This pattern continued until finally I had an overwhelming feeling of being stuck. Everybody’s life seemed to be progressing, while mine was not. This took me into a deep depression. I began to doubt myself and question if there was ever a purpose for me. Was I alive just to be alive? I allowed enviously looking at others to affect the way I perceived myself. I was stuck in a constant state of comparison.
It took me a while to get “unstuck.” It wasn’t an easy task, but it was simple. The thing was, I was so focused on everyone else that I stopped focusing on what mattered—my relationship with God.
See, I spent so much time on the purpose and the assignment, that I neglected my most important role, a daughter of God. I needed to get back to an intimate place with Him. So what did I do? I began to pray. I repented of my attitude that unintentionally reflected ungratefulness about my position in life.
And when I shifted my focus back to God, my perspective changed. It wasn’t that comparison didn’t flare up, but I knew how to deal with it. If a thought came up, I would pray to God and recite Bible verses. I would also stop thinking about how I compared to people around me, and start thinking about how I could love people around me.
I was once in a meeting with a woman that I admired very much. The topic of leadership abilities for a project came up, and immediately, the woman I loved and respected started to compare me with another young woman in the room. Instantly, I felt comparison and envy rising up in my heart. But I remembered what to do when comparison came. Instead of engaging it, I took a moment to gain control of the situation. I explained that I was confident in my abilities, but I also stated the things that I loved about the other young woman. And soon my heart was settled, and I realized I didn’t have to compare or compete. I believe this is how we can all be victorious over comparison.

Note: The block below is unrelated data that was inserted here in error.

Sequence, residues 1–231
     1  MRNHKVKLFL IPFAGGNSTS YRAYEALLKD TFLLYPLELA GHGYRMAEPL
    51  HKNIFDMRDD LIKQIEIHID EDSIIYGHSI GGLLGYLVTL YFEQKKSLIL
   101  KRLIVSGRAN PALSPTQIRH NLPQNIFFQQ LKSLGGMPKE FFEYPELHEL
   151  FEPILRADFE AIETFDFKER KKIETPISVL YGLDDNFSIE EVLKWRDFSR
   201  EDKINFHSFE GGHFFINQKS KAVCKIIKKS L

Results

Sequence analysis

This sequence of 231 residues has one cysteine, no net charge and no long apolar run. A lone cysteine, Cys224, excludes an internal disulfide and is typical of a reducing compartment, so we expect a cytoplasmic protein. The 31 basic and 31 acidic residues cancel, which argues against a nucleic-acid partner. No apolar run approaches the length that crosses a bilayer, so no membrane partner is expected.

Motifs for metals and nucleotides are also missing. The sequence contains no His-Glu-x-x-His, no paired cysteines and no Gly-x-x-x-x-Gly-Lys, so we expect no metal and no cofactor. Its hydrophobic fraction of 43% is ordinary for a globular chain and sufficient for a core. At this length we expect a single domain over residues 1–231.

Here are a few of my favorite verses to reflect on when comparison makes an unwanted appearance in my life. I hope that you can find some of your favorites too, and will find them helpful if you struggle in the area of comparison like I do!
We do not dare to classify or compare ourselves with some who commend themselves. When they measure themselves by themselves and compare themselves with themselves, they are not wise. . . . (2 Corinthians 10:12-18)
I praise you because I am fearfully and wonderfully made; your works are wonderful, I know that full well. (Psalm 139:14)
But the fruit of the Spirit is love, joy, peace, forbearance, kindness, goodness, faithfulness, 23 gentleness and self-control. Against such things there is no law. (Galatians 5:22-23)
Your beauty should not come from outward adornment, such as elaborate hairstyles and the wearing of gold jewelry or fine clothes. Rather, it should be that of your inner self, the unfading beauty of a gentle and quiet spirit, which is of great worth in God’s sight. (1 Peter 3:3-4)